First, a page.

The special presidential election in the Philippines has produced not only deceit, chaos and violence, but also landmark TV in the United States.
It's almost routine now for American TV to monitor global terror and bloodshed. This is the first time, though, that American TV has been this effective as a political watchdog abroad, topping by far its coverage of the 1984 presidential election in El Salvador.
Never before has the camera been a sustained eyewitness to election fraud in another nation.
Charges and countercharges, ballot thefts, disenfranchised voters, government goons, a walkout of official vote counters accusing President Ferdinand E. Marcos of tampering. You could hardly believe what you were watching.
Many of the pictures provided by ABC, CBS, NBC and CNN were exceptional, carrying a hint of deja vu , recalling TV's role as America's electronic voyeur during the civil rights turbulence of the late 1950s and early '60s.
That historic old footage--showing black demonstrators being taunted, chased by dogs, knocked senseless, fire-hosed and rounded up by white Southern cops--contributed to the catalytic process resulting in the 1964 Civil Rights Act and other racial breakthroughs.
Those relatively crude pictures held a mirror to America that showed the evils of racism, just as last week's pictures from abroad vividly conveyed the trampling of voting rights in the Philippines.
TV coverage has buttressed fraud charges made by official American on-the-scene observers. Hence, TV may have played a role in shaping America's future relationship with its traditional Pacific ally and strategic partner.
Although the presence of American TV may have been a moderating influence, it could not soften the Marcos-Corazon Aquino election into a genteel tea party.
What the cameras did, though, was witness scenes of election rigging that belied the words of Marcos as he tried using American TV to make his post-election case directly to the American people.
On Friday's segment of CNN's "Cross Fire" program, for example, Marcos denied that his forces had "manhandled nuns and priests"--shortly after CNN had shown nuns who said they were roughed up by Marcos forces.
From Friday on, Marcos was all over American TV, speaking by satellite from Manila, answering accusations of fraud with charges against Aquino. "What kind of evidence do they have?" he demanded Monday on ABC's "Good Morning America."
For several days, however, the evidence had been on the screen, including remarkable pictures of armed thugs bursting in and attempting to steal ballot boxes at polling places expected to go heavily for Aquino.
Marcos seemed a desperate man in letting himself be lectured to and raked over by American TV interviewers. They ranged from NBC's Tom Brokaw in Manila for "Meet the Press," to Bryant Gumbel in Rio de Janeiro with NBC's "Today," to Forrest Sawyer in New York on "The CBS Morning News."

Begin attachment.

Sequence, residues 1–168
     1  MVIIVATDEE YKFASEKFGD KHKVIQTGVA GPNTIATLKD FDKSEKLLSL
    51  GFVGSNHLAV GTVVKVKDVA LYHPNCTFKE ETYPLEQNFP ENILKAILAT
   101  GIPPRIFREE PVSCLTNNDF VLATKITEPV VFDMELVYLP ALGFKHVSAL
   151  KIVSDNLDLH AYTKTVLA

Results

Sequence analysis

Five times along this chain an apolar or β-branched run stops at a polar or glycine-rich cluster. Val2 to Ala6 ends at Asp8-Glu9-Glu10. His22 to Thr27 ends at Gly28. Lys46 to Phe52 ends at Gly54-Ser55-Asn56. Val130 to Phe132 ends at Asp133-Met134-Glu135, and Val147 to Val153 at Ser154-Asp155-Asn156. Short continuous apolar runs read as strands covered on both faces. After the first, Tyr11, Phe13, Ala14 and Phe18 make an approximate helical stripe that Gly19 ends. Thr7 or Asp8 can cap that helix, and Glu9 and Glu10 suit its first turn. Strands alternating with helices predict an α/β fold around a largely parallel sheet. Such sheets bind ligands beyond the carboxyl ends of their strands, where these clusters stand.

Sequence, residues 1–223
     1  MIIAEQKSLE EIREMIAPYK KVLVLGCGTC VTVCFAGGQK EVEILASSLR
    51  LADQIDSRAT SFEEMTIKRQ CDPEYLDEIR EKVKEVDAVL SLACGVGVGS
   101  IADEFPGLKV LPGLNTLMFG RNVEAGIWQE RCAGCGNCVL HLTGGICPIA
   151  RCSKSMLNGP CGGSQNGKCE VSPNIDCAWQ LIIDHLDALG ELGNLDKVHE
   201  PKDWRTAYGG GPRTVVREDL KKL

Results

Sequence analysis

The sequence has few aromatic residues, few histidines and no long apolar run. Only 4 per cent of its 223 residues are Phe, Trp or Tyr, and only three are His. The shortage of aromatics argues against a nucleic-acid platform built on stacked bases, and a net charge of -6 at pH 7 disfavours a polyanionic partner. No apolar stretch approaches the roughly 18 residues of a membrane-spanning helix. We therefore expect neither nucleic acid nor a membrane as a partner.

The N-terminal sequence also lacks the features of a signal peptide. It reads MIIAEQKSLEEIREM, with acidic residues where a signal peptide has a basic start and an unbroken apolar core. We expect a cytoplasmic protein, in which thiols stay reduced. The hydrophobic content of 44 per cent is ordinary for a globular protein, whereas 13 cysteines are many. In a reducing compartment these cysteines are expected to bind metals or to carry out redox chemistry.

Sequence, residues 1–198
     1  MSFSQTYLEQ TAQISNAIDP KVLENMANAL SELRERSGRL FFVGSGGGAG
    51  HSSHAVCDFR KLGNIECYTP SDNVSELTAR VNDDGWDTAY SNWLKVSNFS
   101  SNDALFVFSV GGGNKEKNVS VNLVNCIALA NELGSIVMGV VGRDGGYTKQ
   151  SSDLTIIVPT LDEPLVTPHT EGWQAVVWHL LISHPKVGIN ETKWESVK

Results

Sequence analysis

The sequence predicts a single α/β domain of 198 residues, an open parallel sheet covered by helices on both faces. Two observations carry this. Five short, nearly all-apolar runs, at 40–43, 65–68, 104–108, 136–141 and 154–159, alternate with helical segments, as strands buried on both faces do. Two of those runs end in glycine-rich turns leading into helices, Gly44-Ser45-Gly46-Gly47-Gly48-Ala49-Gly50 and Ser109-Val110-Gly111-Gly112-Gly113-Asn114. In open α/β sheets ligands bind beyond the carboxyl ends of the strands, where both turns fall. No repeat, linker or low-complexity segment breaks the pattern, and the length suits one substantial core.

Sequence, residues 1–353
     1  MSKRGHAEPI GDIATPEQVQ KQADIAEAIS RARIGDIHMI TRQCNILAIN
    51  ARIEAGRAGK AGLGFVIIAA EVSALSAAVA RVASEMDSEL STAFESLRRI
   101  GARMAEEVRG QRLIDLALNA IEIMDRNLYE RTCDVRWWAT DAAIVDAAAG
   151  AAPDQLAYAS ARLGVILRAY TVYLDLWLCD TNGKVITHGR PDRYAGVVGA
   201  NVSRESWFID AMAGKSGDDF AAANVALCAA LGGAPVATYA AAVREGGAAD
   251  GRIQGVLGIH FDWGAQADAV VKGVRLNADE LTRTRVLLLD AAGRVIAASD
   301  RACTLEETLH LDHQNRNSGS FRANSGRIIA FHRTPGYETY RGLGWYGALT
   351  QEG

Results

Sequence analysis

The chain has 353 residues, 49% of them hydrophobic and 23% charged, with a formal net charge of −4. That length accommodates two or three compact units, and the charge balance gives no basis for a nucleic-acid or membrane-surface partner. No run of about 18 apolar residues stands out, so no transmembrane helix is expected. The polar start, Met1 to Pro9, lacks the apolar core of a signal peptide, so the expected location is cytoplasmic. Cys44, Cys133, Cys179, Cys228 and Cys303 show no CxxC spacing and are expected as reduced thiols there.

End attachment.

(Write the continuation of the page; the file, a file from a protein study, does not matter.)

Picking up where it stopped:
"Excuse me for interrupting you, but we have such a brief amount of time," Sawyer said Monday, cutting off Marcos when he began rambling. And there was Marcos on ABC's "This Week With David Brinkley" Sunday, the head of a sovereign nation, being grilled about the election and having his integrity questioned.
Brinkley asked how it was possible that in one province the vote had been announced at more than 13,000 to 0 for Marcos. With a straight face, the Filipino leader replied that he did not find that curious.
Sam Donaldson brought up the old charges that Marcos' self-proclaimed heroism during World War II was a sham that he invented to make himself look good. "I find it degrading to talk about my career. . . , " Marcos snapped. "If you don't want to believe it, don't believe it."
Marcos stayed there and endured the interrogation until the end, though. "It's been a pleasure having you with us," said Brinkley, like a spider politely thanking a fly for stopping by.
As usual with network news, though, there was more to the election pictures than the mere covering of a story. At some points, other considerations inevitably intervened.
CBS probably will be criticized for not sending Dan Rather to the Philippines last week, but on the contrary, it was a wise decision. NBC sent "Nightly News" anchorman Brokaw to Manila, ABC sent in "World News Tonight" anchorman Peter Jennings and they anchored their respective newscasts from there, for no apparent reason except to increase their exposure and impress viewers with their abilities to cover stories in the field.
Whether they can or can't isn't the point. The point is that they weren't needed and their presence only injected an element of celebrityhood into a story that was drawing plenty of spotlight on its own.
No matter the outcome of the election, experts are saying that last week's apparent large turnout for Aquino indicates big change ahead for the Philippines, whether peaceful or violent. Americans are used to seeing individuals die on TV. Now, for the first time, they may be watching the death of a regime.